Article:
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Mishicot, Wisconsin
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Mishicot, Wisconsin
Mishicot, Wisconsin
Mishicot from the air
Mishicot from the air
Location of Mishicot in Manitowoc County, Wisconsin.
Location of Mishicot in Manitowoc County, Wisconsin.
Coordinates: 44°14?17?N 87°38?28?W / 44.23806°N 87.64111°W / 44.23806; -87.64111Coordinates: 44°14?17?N 87°38?28?W / 44.23806°N 87.64111°W / 44.23806; -87.64111
Country United States
State Wisconsin
CountyManitowoc
Established1847
Area
 o Total2.60 sq mi (6.73 km2)
 o Land2.55 sq mi (6.61 km2)
 o Water0.05 sq mi (0.13 km2)
Elevation627 ft (191 m)
Population
 o Total1,442
 o Estimate 
(2018)[4]
1,388
 o Density544.10/sq mi (210.12/km2)
Time zoneUTC-6 (Central (CST))
 o Summer (DST)UTC-5 (CDT)
ZIP code
54228
Area code(s)920
FIPS code55-53350[5]
GNIS feature ID1583731[2]
Websitewww.mishicot.org

Mishicot is a village in Manitowoc County, Wisconsin, United States. The population was 1,442 at the 2010 census. The village is adjacent to the Town of Mishicot. Since 1984, Mishicot has had a sister village relationship with Le Châble, Switzerland.[6]

History

This area of Wisconsin was originally occupied by the Menominee, Potawatomi and Ho-Chunk peoples. By the end of French rule over the area in 1763, the Potawatomi had begun a move to the Detroit area, leaving the large communities in Wisconsin. Later, some Potawatomi moved back from Michigan to northern Wisconsin. Some but not all Potawatomi later left northern Wisconsin for northern Indiana and central Illinois.[7]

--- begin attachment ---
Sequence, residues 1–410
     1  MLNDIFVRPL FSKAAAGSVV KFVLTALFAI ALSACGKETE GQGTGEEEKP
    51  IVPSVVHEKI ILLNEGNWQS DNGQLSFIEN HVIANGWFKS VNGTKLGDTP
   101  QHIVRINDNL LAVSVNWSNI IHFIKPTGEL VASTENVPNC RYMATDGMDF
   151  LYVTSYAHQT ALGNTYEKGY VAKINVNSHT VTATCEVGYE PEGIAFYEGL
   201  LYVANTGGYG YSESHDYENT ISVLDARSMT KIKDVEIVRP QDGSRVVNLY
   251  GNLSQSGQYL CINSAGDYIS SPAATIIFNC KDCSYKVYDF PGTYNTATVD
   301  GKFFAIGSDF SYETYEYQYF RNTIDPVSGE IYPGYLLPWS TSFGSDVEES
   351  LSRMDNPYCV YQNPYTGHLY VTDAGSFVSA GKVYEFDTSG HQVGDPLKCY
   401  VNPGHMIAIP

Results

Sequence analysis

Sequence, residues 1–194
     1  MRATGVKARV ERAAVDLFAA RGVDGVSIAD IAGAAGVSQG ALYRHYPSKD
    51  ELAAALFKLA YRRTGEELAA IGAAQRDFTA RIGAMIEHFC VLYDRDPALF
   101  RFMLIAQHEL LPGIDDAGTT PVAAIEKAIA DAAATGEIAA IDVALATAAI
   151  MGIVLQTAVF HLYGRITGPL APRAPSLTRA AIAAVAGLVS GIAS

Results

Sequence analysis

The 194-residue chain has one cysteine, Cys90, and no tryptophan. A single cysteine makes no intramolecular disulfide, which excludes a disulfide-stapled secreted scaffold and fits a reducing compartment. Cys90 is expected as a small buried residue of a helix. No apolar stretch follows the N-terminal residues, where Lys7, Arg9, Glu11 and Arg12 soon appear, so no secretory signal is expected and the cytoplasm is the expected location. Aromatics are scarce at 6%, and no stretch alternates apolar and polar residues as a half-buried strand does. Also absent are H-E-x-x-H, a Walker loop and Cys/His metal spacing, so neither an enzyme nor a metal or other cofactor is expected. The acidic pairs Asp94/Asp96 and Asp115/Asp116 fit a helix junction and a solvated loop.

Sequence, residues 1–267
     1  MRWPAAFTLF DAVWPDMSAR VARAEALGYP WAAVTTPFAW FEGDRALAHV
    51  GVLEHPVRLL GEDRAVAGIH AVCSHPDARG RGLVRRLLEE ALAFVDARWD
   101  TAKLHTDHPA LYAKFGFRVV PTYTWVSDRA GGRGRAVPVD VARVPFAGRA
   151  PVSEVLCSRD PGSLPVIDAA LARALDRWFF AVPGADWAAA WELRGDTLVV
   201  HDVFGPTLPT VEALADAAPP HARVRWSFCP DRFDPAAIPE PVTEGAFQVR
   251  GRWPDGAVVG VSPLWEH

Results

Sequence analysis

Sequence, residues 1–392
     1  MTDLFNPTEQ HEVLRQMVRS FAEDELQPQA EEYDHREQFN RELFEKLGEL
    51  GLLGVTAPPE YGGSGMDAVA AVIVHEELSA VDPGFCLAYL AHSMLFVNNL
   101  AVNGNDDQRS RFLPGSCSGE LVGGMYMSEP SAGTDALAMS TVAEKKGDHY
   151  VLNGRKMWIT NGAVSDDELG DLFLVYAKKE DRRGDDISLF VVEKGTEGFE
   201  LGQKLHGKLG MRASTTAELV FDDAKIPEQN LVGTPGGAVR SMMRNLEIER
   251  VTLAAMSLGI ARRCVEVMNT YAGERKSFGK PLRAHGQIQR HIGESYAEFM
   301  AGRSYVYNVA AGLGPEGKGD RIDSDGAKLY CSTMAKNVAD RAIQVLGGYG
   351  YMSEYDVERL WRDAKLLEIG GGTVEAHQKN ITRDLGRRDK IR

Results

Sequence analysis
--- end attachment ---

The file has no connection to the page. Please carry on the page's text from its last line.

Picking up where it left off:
Potawatomi Chief Simon Onanguisse Kahquados, 1919

In 1836, the Menominee ceded their claim to the area including what is now Mishicot to the United States after years of negotiations with the Ho-Chunk and the U.S. government over how to accommodate the incoming populations of Oneida, Stockbridge-Munsee, and Brothertown peoples who had been removed from New York.[8] As a result of this treaty (Treaty of the Cedars), settlers could purchase land, but many fishermen still chose to live as squatters. At the same time, the more decentralized Potawatomi were divested of their land without compensation. Many emigrated to Canada because of invitations from other Native Americans already in Canada, favorable treaty arrangements, and a desire to avoid the harsh terms of the 1833 Treaty of Chicago. Although not all Potawatomi participated in the Treaty of Chicago, it was federal policy that any who did not relocate westward as the treaty stipulated would not be compensated for their land.[9]

Mishicott resident Potawatomi Chief Simon Kahquados traveled to Washington, D.C. multiple times in an attempt to get the land back. In 1906, Congress passed a law to establish a census of all Potawatomi formerly living in Wisconsin and Michigan as a first step toward compensation. The 1907 "Wooster" roll, named after the clerk who compiled it, documented 457 Potawatomi living in Wisconsin and Michigan and 1423 in Ontario. Instead of returning the land, a meager monthly payment was issued.[9] Although Kahquados was unsuccessful, he increased public awareness of Potawatomi history. In 1931, 15,000 people attended his burial in Peninsula State Park.[10]